Colombia-based Ecopetrol is a large-cap diversified oil and natural gas producer. It also owns pipelines and refining capacity. Gran Tierra is a small-cap company headquartered in Canada, but it also explores for oil and gas in Colombia and Ecuador. Meanwhile, Borr Drilling provides shallow-water offshore rigs to other exploration companies.
What all three of these stocks have in common is that they benefit from higher oil and natural gas prices. On Tuesday, two big geopolitical events occurred that were bullish for oil stocks broadly. In addition, Borr Drilling released its first quarter earnings report.
On Monday evening, leaders in the European Union agreed to a partial ban on Russian oil imports as that nation's war on Ukraine continues. The ban still leaves oil flowing through the southern part of the Druzhba pipeline, which serves Hungary, Slovakia, and the Czech Republic. However, the new measures will essentially halt 90% of the EU's Russian oil imports by the end of the year.
This will serve to further tighten the oil market globally. Meanwhile, as the U.S. gears up for the summer travel season, China is emerging from its latest set of pandemic lockdowns, which should bring back the demand that they temporarily removed. The mega-city of Shanghai is officially lifting its lockdown Wednesday after two months, as China pursued its "zero-Covid" policy amid an omicron outbreak there.
The combination of the EU ban and the end of the Shanghai lockdown pushed oil prices to nearly $120 per barrel Tuesday morning.
Additionally, Borr Drilling reported better-than-expected first-quarter numbers, with revenue up 19% sequentially to $82 million, albeit with a widening net loss of $51.3 million. Still, the net loss was smaller than analysts had feared it would be.
While exploration and production companies like Ecopetrol and Gran Tierra have already seen their profits soar due to higher oil and natural gas prices, oil services companies have lagged, as extractors have been reluctant to spend on expanding production. However, with prices now closing in on $120 a barrel, it appears that offshore drilling activity may be getting ready to ramp up. Borr CEO Patrick Schorn said in the press release:
The significant amount of contracts awarded recently, in combination with a sustained demand for additional rigs has put the offshore drilling industry on a strong growth trajectory. The previously projected increase in utilization levels, day-rates and contract durations is now coming to fruition and based on current tendering activity we expect this trend to continue. The number of contracted jack-up rigs has now recovered to pre-COVID levels and we expect several new awards to be nearing conclusion. This will bring the total number of contracted jack-ups back to levels last seen in 2015. Particularly in the modern jack-up segment (build after 2000), marketed utilization has now reached the 90% mark and the visible incremental demand is bound to outstrip available supply in the coming quarters.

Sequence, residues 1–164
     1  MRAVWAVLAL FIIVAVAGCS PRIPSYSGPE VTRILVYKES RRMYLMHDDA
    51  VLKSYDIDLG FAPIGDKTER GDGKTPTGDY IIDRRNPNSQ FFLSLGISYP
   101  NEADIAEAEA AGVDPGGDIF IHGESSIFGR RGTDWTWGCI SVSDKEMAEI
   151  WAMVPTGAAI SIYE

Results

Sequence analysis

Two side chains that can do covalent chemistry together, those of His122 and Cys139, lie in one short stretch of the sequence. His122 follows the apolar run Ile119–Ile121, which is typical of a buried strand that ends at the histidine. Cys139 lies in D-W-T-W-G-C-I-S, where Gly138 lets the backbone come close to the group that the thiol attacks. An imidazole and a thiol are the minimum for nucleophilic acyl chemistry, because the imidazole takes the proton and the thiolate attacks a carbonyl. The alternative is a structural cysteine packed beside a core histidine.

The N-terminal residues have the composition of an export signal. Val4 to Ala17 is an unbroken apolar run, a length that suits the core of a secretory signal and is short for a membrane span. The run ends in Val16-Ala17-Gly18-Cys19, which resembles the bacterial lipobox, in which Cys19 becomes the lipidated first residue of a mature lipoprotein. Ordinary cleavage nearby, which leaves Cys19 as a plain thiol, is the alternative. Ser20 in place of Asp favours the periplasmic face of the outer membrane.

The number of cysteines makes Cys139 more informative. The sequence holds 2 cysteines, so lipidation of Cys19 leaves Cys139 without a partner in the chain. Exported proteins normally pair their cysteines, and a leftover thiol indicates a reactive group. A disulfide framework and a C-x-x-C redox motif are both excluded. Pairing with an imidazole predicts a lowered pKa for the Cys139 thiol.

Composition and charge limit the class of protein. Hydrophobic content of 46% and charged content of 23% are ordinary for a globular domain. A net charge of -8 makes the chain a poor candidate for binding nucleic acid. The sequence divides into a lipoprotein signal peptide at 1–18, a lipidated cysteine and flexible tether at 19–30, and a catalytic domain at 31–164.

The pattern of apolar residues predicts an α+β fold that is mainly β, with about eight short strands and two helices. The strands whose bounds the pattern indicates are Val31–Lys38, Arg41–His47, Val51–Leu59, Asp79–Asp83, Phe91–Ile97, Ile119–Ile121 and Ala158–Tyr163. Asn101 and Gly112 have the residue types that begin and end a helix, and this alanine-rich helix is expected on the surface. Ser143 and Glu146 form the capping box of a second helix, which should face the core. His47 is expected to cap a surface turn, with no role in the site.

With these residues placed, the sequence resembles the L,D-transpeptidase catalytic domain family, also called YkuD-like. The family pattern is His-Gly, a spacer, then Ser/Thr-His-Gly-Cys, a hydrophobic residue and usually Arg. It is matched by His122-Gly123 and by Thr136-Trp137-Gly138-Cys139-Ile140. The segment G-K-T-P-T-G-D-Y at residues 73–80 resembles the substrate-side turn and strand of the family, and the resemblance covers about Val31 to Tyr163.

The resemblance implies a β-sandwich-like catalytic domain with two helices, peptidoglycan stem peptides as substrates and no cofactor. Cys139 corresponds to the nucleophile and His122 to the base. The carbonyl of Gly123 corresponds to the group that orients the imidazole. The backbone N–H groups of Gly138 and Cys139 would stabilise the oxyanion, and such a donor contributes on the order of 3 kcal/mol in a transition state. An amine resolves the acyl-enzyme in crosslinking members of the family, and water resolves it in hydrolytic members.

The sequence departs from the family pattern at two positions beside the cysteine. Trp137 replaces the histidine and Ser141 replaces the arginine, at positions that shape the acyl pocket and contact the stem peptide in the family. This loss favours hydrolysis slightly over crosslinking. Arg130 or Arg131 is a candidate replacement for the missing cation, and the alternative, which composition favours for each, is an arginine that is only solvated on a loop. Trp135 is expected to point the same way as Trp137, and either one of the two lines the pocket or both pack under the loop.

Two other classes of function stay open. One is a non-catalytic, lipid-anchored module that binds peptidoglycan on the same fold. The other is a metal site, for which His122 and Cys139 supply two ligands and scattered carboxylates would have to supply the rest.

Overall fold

The company also reiterated its full-year guidance for revenue in the range of $375 million to $400 million and adjusted EBITDA (earnings before interest, taxes, depreciation, and amortization) in the range of $115 million to $140 million. Not only that, but management gave preliminary 2023 guidance anticipating that its revenue will double and adjusted EBITDA will more than double next year, should day rates for rigs continue to increase and if the company employs the three rigs in its fleet that are currently unused by the end of the year.
Energy stocks have been among the rare winners in the markets this year. Yet while they are up significantly, those gains come in the wake of a decade or so of underperformance. Therefore, while the sector is scorching hot, it's not clear what could slow it down in the near term. Since the down-cycle in oil lasted a decade, could this up-cycle last a decade as well?
At the risk of buying near a "top," it still appears oil and natural gas stocks may still be worthy of investor attention, despite their already big year-to-date gains.